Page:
Morgan goes above and beyond what’s expected, whether she’s getting airmen ready for the war zone, leading physical training or teaching kids how to play volleyball.
Last year, Morgan was stationed at Misawa Air Base, Japan, where she served as unit deployment manager for the 301st Intelligence Squadron.
Lt. Col. Michael S. Smith, the squadron’s commander, described Morgan as “great” at her job, “defeating logistical hurdles” to ship weapons to six remote desert locations and saving the Air Force money at the same time.
Morgan’s handling of one problem, though, really wowed Smith.
“She identified and resolved a wing-level broken weapons shipment process, narrowly averting a major security violation, and thwarting an international incident,” he wrote in an email.
Off duty, Morgan spent much of her time helping the children — at Misawa, across Japan and around the world. She coached volleyball and organized a tutoring program. She was instrumental in planning a local Special Olympics; served as local president of Operation Eyesight, which helps blind children; and organized a fundraiser that brought in $500 for humanitarian aid to Haiti earthquake victims.
At the end of his email, Smith rattled off example after example of Morgan’s selflessness — baby-sitting for free, acting as a designated driver for five of Misawa’s social events, mentoring her fellow airmen.
“SSgt Morgan reminds us what it takes to get the mission done,” Smith wrote, “and inspires us to do our very best at all times.”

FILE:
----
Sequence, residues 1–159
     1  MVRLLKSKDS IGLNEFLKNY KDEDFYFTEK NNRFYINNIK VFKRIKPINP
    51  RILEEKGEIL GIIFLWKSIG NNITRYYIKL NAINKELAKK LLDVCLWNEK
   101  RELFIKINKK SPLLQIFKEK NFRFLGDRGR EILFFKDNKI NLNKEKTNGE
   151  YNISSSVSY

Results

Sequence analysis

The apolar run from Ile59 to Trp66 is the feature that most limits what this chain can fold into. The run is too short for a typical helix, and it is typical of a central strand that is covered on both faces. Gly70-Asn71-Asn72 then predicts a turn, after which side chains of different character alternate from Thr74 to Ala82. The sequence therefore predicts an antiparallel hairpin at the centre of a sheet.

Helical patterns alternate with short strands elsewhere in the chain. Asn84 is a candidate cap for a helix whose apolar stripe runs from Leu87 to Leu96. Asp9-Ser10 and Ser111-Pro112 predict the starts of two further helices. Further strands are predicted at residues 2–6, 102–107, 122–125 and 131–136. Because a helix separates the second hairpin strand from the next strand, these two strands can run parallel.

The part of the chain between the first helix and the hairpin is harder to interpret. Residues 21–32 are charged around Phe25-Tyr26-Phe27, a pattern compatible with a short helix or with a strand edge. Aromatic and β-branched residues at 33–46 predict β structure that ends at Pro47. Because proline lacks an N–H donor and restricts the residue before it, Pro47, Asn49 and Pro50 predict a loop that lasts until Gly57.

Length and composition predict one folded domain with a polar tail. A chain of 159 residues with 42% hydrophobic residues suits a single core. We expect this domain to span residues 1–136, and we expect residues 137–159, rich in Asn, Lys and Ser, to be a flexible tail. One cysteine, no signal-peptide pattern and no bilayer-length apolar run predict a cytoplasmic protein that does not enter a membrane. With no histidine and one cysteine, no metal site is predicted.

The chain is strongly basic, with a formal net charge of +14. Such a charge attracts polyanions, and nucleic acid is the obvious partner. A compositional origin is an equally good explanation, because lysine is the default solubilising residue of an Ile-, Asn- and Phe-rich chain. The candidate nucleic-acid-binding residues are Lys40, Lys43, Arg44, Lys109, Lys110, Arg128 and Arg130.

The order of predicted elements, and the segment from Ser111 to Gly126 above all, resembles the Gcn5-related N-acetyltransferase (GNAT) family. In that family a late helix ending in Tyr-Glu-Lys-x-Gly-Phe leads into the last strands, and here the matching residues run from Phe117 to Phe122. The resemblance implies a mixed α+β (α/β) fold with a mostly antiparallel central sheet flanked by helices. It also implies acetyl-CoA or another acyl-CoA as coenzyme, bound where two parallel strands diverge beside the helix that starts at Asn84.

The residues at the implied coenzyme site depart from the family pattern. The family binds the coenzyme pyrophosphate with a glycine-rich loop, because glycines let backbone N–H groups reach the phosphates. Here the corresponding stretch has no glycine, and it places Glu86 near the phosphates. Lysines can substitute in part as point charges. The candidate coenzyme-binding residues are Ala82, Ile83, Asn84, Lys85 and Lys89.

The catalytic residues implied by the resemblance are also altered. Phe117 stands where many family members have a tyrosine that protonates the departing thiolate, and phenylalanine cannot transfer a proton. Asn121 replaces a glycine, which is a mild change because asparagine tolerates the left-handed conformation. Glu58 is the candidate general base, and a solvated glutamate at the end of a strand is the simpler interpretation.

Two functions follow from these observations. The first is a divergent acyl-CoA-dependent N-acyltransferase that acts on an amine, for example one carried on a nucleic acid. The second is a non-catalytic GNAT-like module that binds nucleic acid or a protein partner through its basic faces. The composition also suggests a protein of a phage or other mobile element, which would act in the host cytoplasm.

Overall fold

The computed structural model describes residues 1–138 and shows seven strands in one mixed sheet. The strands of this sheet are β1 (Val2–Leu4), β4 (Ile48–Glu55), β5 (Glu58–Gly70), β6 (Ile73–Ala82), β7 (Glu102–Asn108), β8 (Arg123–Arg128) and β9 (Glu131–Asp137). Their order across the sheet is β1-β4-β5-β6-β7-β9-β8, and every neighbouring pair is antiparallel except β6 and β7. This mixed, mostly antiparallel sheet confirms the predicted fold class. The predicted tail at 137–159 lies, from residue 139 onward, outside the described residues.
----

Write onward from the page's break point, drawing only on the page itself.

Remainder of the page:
Westbrook doesn’t have much time under her belt, but she’s no stranger to responsibility.
Shortly after joining the Air Force, Westbrook deployed to Iraq with the 824th Security Forces Squadron, since renamed the 824th Base Defense Squadron.
In her six months overseas, the Georgia native played two roles: lead convoy driver and weapons custodian.
Behind the wheel, she completed more than 80 combat missions without incident. Her ammunitions work required her to track 50,000 rounds of ammunition and redesign the equipment storage process.
In her off time, Westbook volunteered more than 600 hours at Joint Base Balad. She didn’t care how she helped, doing everything from preparing food to organizing events. At the end of every day, she helped out in the base’s emergency room.
While juggling her work and volunteer responsibilities, Westbrook managed to upgrade her training and earn her associate degree in criminal justice from the Community College of the Air Force.
“She has gone above and beyond the scope of her duties and excelled at every task,” wrote Master Sgt. Aaron W. Winward, Westbrook’s flight chief. “She has dedicated herself to education and to helping community, as well.”